In an exclusive interview, Nicaraguan President Daniel Ortega has told teleSUR President Patricia Villegas: "The coup was defeated."
Ortega says that the country has experienced extreme violence over the past several months at the hands of the "extreme right" of Nicaragua and U.S. elected officials who have always opposed the Sandinista revolution since it emerged in the 1980s.
The president went on to say that the violence is the fruit of U.S. officials who are working with poor paramilitaries within the country who want to knock down the Sandinistas.
Since protests broke out in mid-April to contest social security reforms, the country has been thrust into unprecedented socio-political turmoil that has left some 350 people killed, according to the NGO Nicaraguan Association for Human Rights (ANPDH). At least 2,100 have been injured, says the ANPDH.
The president tells Villegas that the government is "building strength and wants to resume peace." He reiterated several times during the interview that he is willing to sit down with big industry and the church in order to resolve this conflict that continues to kill people.
Just two weeks ago a policeman was tortured and killed allegedly by opposition forces, and vandals set fire to classrooms and burnt education equipment at the National Autonomous University of Nicaragua (UNAN).
Ortega says that the internal fractures in his country "come from U.S. congressional members and groups in Miami who are envious of Cuba, Venezuela and Nicaraguan" revolutions. "They are the same (people) who interfered in Nicaragua in the 1980s."
The Nicaraguan president said that Nicaraguan businesses negotiate with U.S. officials to create U.S. laws that damage his country, especially the NICA Act, which aims to cut the government of Nicaragua off from loans by international financial institutions.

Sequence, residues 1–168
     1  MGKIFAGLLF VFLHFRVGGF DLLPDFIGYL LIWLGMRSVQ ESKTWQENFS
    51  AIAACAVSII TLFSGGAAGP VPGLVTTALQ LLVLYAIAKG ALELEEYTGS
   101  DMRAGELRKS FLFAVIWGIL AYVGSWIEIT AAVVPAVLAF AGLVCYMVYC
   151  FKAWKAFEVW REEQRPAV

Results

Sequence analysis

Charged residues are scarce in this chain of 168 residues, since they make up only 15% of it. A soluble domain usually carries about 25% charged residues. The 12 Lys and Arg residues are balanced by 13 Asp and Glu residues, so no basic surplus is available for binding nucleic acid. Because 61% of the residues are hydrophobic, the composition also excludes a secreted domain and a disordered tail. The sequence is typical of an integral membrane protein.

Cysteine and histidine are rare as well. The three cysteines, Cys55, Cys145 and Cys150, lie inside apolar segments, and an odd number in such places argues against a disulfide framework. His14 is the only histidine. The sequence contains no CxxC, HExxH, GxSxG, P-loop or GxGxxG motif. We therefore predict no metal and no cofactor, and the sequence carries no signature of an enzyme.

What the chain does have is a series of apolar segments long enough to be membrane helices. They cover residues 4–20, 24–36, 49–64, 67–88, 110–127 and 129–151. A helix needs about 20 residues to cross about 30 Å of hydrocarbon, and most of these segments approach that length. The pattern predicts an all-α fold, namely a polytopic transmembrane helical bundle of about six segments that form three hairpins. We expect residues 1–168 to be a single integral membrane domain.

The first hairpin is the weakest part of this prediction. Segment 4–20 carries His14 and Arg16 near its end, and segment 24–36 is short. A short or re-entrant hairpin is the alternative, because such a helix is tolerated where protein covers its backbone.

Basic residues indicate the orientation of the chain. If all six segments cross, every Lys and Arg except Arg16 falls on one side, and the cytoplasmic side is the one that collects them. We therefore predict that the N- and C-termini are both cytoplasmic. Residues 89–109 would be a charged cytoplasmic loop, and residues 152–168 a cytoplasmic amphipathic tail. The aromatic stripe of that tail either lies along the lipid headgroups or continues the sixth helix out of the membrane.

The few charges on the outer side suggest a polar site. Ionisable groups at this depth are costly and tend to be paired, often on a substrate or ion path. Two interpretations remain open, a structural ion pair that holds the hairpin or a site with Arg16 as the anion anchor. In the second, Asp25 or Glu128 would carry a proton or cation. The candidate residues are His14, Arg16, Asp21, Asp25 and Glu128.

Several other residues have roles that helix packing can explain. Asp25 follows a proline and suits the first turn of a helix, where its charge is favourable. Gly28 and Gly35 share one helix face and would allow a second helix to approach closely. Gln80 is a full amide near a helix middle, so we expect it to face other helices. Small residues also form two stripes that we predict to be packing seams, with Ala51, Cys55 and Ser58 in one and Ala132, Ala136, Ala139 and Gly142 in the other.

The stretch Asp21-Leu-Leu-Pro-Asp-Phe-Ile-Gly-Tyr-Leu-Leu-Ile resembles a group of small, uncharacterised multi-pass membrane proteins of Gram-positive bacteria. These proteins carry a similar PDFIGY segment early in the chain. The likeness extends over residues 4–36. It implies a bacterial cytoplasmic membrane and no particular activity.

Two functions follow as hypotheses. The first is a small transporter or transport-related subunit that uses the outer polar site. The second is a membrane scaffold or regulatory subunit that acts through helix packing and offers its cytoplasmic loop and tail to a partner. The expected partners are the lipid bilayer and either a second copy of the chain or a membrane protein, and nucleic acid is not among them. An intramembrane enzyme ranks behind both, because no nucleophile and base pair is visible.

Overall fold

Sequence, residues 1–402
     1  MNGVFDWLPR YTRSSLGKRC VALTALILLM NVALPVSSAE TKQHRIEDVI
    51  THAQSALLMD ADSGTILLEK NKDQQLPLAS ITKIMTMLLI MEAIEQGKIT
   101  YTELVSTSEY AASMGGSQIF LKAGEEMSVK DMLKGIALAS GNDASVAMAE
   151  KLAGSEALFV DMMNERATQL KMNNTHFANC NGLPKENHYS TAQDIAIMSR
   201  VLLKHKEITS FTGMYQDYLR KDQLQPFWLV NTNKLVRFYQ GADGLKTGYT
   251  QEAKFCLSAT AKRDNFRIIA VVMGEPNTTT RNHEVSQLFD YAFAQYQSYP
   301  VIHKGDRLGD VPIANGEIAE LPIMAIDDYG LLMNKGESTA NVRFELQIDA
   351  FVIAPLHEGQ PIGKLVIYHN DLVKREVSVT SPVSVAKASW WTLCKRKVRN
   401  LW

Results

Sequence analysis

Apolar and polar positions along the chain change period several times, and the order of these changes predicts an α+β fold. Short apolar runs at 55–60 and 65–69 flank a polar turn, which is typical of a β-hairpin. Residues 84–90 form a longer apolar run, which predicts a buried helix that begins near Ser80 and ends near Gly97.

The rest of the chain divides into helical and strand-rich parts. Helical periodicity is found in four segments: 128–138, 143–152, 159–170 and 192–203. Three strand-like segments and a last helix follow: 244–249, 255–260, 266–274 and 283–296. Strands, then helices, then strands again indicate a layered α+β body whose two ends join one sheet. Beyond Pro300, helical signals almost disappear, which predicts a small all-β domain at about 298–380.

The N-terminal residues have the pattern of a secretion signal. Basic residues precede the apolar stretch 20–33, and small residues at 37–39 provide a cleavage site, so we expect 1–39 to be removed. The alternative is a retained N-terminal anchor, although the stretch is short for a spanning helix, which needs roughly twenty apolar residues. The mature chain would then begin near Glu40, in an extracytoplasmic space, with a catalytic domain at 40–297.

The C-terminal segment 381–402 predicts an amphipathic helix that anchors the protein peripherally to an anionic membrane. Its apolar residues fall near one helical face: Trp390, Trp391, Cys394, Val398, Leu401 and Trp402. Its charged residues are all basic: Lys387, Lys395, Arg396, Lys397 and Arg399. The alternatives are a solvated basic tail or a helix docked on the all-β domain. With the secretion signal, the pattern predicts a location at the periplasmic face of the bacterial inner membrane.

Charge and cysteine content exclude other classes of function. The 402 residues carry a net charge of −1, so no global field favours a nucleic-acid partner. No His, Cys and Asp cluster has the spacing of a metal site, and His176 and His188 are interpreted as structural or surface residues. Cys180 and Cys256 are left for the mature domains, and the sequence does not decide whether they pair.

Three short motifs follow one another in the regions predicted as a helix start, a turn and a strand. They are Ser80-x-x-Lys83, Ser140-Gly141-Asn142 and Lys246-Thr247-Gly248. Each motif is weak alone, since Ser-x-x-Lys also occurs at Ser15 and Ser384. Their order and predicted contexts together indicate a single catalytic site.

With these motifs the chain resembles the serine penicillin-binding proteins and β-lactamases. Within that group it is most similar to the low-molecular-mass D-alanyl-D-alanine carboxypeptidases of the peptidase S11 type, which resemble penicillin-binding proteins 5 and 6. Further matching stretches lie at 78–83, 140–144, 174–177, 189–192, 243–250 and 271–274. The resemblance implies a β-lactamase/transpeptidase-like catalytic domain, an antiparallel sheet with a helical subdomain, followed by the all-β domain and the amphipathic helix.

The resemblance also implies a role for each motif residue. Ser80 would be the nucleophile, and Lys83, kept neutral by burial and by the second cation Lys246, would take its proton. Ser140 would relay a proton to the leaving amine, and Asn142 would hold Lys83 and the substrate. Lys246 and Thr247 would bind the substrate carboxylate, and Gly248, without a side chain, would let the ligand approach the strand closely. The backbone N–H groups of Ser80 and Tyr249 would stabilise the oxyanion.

"This is the root of the problem. … The U.S. should respect Nicaragua’s sovereignty."
Ortega said it would be "ideal" to sit down and talk with U.S. president Donald Trump, but that the "political right now are being manipulated by the extreme right who negotiate with U.S. officials" to hurt Nicaragua.
When asked if he’d sit down with Catholic church leaders, who have denounced him as the president said unequivocally he would, adding, "we have to fight for peace."
Ortega has criticized bishops of the Episcopal Conference of Nicaragua as being "coup leaders" for collaborating with the opposition during the previous attempts at national dialogue since violence broke out three months ago.
Nicaragua’s president said that those who came out when the protests started April 19 "were from the right."
"Armed groups started attacking the Sandinistas, police, and burning municipal buildings. … This is the work of the militarized right," says Ortega. They are attacking politicians who support the Sandinista Front, asserts the president.
Ortega pointed out that there are similarities between the right wing protesters in Nicaragua and those that attempted to topple the Venezuelan government in 2017. In both cases violinists played amidst the presence of police and young women screamed similar phrases in violent protests in both countries.
"U.S. agencies," points out Ortega, “are financing these youth.” The president says that young Venezuelans are being paid by the United States to come to Nicaragua to protest. The president says that the U.S. has a strong presence within the country, funneling some $US30 million in USAID financing into Nicaragua.
Will there be justice for those killed, inquires Villegas, even if it turns out some people died at the hands of government authorities? "Yes," says Ortega. Justice is “for the family of the victims, and I’ll bring justice,” to these deaths, asserts the president.
The president denied any support or financing to paramilitaries during these months of protests.